I love salads. Period. But I’m not talking about romaine and cherry tomatoes here – I want them to be complex and colorful, and full of contrasting textures and flavors. And I want them to be nutrient-dense powerhouses. Around the holidays when I put in an epic day of shopping at the mall, I usually end up at California Pizza Kitchen and I always order the Thai Crunch salad. It has everything I want in a salad but it’s also full of unhealthy oils and sugar. And the worst part is that I go home craving that salad for days! While it’s definitely a better choice over pizza when you’ve already overdone it on Christmas cookies and eggnog or are trying to stick to a clean eating plan/elimination diet. But I’m not looking for the “better” choice here, and the abundance of cancer-fighting, body-detoxifying cabbage at my farmer’s market right now has had me craving this salad. So here it is – my version, sans soy (a no-no on elimination diets), sugar, GMO oils, peanuts (a common allergen & source of mold toxins), and deep-fried wonton chips (I know, I have to take ALL the fun away!)
Here’s the run-down on the ingredients in the dressing:
- Coconut milk – always buy full-fat coconut milk for 2 reasons:
- It’s full of healthy medium-chain fatty acids (MCFAs) which your body does not store as fat but rather uses for a quick energy source
- Reduced-fat coconut milk is often extracted using chemical processes. Just like with olive oil, you want the first-cold press of the coconuts.
- Chickpea miso – traditional miso is made with fermented soybeans which are most-often GMO and an allergen to many people. But it’s also quite healthy since the fermentation promotes healthy gut bacteria. In comes chickpea miso to the rescue! It has all the flavor and health benefits of traditional miso but is made from fermented chickpeas instead of soy. The salty-sweet flavor adds depth & sweetness to the dressing. Find it in the refrigerated section of health-food stores.
- Fish sauce – a golden liquid extracted from the fermentation of fish & sea salt. It sounds (and smells) pretty gross but it’s the secret ingredient in many of the great Southeast Asian dishes. It adds salt & umami to the dressing. It’s found in most grocery stores – my favorite brand is Red Boat sold at Trader Joes & specialty markets.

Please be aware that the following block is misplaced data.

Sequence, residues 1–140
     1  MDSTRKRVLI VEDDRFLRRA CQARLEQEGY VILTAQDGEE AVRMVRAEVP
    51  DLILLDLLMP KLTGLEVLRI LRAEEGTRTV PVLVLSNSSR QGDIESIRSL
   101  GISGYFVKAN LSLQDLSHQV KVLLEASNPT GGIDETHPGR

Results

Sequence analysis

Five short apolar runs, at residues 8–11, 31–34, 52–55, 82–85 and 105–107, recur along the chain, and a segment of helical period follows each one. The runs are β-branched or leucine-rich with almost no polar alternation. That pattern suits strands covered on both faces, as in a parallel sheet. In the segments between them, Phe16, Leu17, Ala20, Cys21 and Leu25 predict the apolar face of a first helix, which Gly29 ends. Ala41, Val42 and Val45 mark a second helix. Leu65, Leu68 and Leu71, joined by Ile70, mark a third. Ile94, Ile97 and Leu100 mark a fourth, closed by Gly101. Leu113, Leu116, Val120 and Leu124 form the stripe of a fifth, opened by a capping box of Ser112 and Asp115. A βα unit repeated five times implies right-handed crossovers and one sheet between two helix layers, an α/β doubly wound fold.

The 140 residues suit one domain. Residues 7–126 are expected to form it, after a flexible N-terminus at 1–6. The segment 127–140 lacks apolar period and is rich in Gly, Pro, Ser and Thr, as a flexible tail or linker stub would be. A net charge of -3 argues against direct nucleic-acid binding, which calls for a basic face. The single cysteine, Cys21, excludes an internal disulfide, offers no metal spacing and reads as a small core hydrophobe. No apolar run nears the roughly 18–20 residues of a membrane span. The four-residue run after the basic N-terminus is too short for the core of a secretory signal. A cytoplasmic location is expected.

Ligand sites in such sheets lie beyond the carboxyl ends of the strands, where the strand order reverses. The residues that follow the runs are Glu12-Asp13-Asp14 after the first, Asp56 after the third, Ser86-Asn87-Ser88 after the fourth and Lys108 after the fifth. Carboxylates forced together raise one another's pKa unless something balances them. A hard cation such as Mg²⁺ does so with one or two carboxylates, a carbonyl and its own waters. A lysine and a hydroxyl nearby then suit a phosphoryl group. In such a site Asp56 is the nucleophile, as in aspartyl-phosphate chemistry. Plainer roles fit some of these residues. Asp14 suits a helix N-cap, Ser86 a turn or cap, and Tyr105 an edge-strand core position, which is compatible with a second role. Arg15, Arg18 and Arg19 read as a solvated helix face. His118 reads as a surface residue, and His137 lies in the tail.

- Toasted sesame oil – imparts a really intense sesame flavor. Find it at Asian markets and most grocery stores, but make sure it’s 100% sesame oil as some are a blend of vegetable oil & sesame oil.
- Thai red curry paste – not just for curry! Adds heat and spice notes to the dressing. Also found at Asian markets and most grocery stores.
Recipe: Crunchy Cabbage, Cashew & Chicken Salad with Coconut-Curry Dressing
Say that 5 times fast!
For the Coconut-Red Curry Dressing
Makes appx. 2 1/2 cups
1, 14 oz can full-fat coconut milk
1/4 c chickpea miso
1/4 c water
1/4 c toasted sesame oil
1/4 c red curry paste
1/4 c fresh lime juice
2 TBSP fish sauce
In a medium bowl or glass measuring cup, wisk together the miso and water until smooth. Wisk in half of the coconut milk and remaining ingredients. Once smooth, wisk in the remaining coconut milk. The dressing will be pungent tasting, but that’s what you want as it’s going to coat a lot of vegetables and chicken thus the flavor will be diluted. If not using immediately, transfer to a glass jar and store in the refrigerator for 5-7 days. It may get too thick as the coconut milk solidifies – if so, thin with water as needed.
For the Chicken:
2, bone-in split chicken breasts (roughly 2 pounds) – using this cut yields really tender & flavorful chicken, but boneless-skinless breasts work just fine.
Olive oil, salt & pepper
Heat oven to 400° and line a sheet tray with parchment paper. Drizzle both sides of chicken with olive oil and season with salt & pepper. Place skin-side up on parchment-lined tray and roast for 25-35 minutes (depending on the size). The skin should be golden and crispy, and the meat should feel firm when pushed on. To double check doneness, you can insert a thermometer near the bone to check that the chicken is at 160° (it will continue to cook once out of the oven) or stick a knife in it and see that the juices run clear.
Let chicken cool, cut meat away from the bone, cut into roughly 2″ chunks, then pull into bite-sized pieces. Reserve all the chicken juices and then toss with the shredded chicken if desired.
Salad Components & Assembly:
Serves 6 as a main course
1 medium head napa cabbage, quartered and thinly sliced
1 small head purple cabbage, thinly sliced
1 bunch bok choy, thinly sliced
4 large carrots, shredded
1 bunch scallions, thinly sliced
1 c roasted & salted cashews, coarsely chopped
Coconut-red curry dressing
Combine the cabbage, bok choy, half of the carrots, chicken, 3/4 c of the cashews & scallions. Add dressing in 1/2 cup increments and toss all together. Continue adding dressing until the veggies & chicken are all coated. Taste the salad and see if it needs more salt, lime juice or hot sauce like sriracha. Divide into salad bowls and garnish with remaining carrots & cashews.
As always, I want you to be the chef of your own kitchen. So use this recipe as a guideline, and get in there and make it your own! Experiment with different types of cabbage, sweet elements (julienned mango or papaya instead of carrot), herbs (cilantro, thai basil or mint) and adjust the ratios in the dressing until it suits your taste buds. Sub shrimp or salmon for the chicken, or make it vegetarian and add chickpeas. And for all you heat-lovers out there, don’t be afraid to add fresh jalapenos or sriracha to the dressing. I’m excited to hear your spin on this!
Bonus: Make extra dressing and use it as a topping for salmon later in the week!